The Best Lat-Targeting Pullups

Man and horizontal bar
Pullups primarily work your lats. (Image: nishka321/iStock/Getty Images)

Just about every pullup engages your lats. Unlike chinups, which exert biceps more, pullups primarily target lats. Other muscles such as your triceps, shoulders and core play supporting roles. For a lat workout, try standard, wide, narrow or sternum pullups.

Basics

Pullups are not chinups. You use a pronated grip -- palms face away -- during pullups. You use a supinated grip -- palms face you -- during chinups. Use a pullup bar at your gym, or buy a door model. You can do pullups on a door -- if it’s strong enough -- if you place a towel over the top for cushioning. Posture matters wherever you practice. Maintain a straight alignment from your head to lower back. Keep shoulders back. Avoid swinging.

Standard Grip

Begin with hands on a pullup bar, slightly wider than shoulder-distance. At the bottom starting position keep arms fully extended. Bend your legs, if you need to, or cross feet. Rise up so your chin goes above the bar. Feel the tension in your lats. Lower to the starting point.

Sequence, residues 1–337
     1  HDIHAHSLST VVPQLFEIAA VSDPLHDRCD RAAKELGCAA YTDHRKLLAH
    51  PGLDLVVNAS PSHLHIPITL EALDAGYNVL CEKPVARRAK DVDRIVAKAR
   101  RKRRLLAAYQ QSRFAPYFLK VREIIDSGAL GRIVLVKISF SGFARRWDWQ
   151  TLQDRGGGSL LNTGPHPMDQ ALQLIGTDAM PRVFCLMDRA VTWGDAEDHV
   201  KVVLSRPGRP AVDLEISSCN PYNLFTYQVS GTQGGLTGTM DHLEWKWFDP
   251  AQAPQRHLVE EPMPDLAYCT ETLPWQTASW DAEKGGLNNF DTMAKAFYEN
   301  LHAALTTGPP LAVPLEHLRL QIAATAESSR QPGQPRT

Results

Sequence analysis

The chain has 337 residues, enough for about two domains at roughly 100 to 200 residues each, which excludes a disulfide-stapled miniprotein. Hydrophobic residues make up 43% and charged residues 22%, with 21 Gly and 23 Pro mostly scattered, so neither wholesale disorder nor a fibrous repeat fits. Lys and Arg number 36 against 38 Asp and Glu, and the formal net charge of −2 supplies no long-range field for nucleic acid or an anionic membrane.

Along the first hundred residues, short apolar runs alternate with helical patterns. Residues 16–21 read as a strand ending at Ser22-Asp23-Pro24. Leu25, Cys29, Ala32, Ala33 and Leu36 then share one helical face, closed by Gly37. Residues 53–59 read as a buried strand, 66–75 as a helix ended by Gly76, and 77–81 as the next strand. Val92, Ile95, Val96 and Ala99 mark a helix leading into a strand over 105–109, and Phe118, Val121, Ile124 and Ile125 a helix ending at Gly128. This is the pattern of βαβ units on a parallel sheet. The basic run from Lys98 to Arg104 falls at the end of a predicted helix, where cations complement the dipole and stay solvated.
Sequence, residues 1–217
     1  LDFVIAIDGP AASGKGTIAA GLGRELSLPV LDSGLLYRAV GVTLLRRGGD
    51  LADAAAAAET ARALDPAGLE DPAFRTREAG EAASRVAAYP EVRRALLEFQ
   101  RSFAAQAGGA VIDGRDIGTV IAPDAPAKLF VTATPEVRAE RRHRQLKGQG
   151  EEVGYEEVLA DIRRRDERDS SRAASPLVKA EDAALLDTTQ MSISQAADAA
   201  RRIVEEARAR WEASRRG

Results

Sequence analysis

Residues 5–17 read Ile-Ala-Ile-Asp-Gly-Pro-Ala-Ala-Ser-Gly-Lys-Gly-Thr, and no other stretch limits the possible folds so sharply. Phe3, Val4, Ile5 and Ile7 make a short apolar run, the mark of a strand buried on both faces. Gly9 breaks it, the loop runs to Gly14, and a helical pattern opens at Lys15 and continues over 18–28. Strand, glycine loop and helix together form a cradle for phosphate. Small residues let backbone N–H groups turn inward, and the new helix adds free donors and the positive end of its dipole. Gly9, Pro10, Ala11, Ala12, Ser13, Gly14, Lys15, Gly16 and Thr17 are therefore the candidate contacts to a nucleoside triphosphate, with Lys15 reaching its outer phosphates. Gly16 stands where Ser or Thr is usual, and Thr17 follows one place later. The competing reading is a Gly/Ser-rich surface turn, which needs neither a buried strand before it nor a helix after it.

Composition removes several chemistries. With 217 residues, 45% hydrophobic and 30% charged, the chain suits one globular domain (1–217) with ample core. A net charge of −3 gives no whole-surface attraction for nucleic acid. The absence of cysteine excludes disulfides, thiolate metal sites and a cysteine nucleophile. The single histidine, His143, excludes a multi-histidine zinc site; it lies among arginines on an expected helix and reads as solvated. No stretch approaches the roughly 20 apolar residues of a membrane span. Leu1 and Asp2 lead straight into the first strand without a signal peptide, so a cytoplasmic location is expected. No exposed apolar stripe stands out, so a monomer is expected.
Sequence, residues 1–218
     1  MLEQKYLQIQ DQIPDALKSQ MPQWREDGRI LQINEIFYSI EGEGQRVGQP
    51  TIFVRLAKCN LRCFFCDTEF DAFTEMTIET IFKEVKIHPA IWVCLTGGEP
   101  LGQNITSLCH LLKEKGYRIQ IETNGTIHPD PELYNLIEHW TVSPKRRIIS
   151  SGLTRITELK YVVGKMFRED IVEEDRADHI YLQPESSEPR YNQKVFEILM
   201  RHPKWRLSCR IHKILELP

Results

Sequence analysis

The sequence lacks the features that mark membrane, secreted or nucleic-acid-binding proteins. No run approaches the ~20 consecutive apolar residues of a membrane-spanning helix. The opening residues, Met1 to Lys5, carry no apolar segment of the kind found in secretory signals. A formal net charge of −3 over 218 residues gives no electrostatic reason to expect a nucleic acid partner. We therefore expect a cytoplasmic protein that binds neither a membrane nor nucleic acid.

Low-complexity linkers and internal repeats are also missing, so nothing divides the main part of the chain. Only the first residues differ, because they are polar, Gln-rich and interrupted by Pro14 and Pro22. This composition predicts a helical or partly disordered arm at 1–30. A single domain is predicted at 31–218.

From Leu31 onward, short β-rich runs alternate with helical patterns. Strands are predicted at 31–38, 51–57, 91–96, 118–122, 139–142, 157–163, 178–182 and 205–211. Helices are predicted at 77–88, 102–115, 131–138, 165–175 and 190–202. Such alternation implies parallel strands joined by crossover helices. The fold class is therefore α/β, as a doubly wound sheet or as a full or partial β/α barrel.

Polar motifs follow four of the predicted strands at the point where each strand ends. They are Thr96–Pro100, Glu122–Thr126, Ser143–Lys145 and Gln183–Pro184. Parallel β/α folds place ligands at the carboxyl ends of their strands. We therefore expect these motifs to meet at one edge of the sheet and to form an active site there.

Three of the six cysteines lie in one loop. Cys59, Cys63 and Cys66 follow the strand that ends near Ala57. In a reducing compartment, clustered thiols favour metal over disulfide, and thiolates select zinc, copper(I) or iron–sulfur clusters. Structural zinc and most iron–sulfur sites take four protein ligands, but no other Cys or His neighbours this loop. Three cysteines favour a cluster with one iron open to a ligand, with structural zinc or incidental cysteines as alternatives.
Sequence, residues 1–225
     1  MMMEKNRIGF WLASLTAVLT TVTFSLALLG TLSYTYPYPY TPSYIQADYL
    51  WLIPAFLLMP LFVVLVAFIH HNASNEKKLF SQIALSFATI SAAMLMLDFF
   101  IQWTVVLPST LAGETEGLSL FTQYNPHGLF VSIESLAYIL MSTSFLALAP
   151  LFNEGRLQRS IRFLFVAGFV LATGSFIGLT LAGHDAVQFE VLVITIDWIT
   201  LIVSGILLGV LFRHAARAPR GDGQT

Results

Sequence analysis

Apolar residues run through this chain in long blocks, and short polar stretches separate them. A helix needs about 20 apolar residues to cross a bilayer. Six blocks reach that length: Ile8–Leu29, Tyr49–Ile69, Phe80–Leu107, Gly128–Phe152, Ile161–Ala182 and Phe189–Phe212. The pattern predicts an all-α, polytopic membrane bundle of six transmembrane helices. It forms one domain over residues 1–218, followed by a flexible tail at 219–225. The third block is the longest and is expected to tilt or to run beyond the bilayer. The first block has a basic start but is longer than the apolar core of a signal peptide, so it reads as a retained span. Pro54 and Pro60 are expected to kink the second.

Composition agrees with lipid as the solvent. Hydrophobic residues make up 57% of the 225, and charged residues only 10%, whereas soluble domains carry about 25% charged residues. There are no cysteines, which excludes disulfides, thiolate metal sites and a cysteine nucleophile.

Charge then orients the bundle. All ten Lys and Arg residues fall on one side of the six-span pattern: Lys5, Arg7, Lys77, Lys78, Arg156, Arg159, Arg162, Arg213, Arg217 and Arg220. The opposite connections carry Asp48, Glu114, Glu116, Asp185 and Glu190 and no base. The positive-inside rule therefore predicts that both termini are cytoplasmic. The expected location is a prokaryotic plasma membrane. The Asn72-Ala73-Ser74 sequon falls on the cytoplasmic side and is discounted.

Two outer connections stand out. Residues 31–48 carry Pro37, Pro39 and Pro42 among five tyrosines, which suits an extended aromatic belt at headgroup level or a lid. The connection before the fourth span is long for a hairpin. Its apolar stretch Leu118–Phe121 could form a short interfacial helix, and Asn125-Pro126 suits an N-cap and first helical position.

Wide and Narrow Grip

Widening or narrowing your grip can develop your lats more. For wide-grips, place hands more than shoulder distance apart; your upper body forms a Y. For narrow grips, place hands four to eight inches apart. Narrow grip pullups engage your arms too, but they target lower lats.

Sternum

This advanced pullup demands tremendous upper back strength. You don’t move straight up then down. Pick a comfortable grip -- wider challenges more. Arch your back. Raise your chest -- not your chin -- to the bar. As you pull your sternum toward the bar, bend back so your head moves away from it. At the high point, your head and floor are parallel. Watch someone perform this pullup first.

Tips

Pullups challenge many people. If you can't lift your weight, assisted machines decrease your load. Ask a spotter to give you a boost. If you want more resistance, however, use a weight belt or put weights between your legs. Consult your physician or personal trainer before trying pullups. Done well, they provide a total upper-body workout. Done incorrectly, they strain your joints, neck, shoulder and back.

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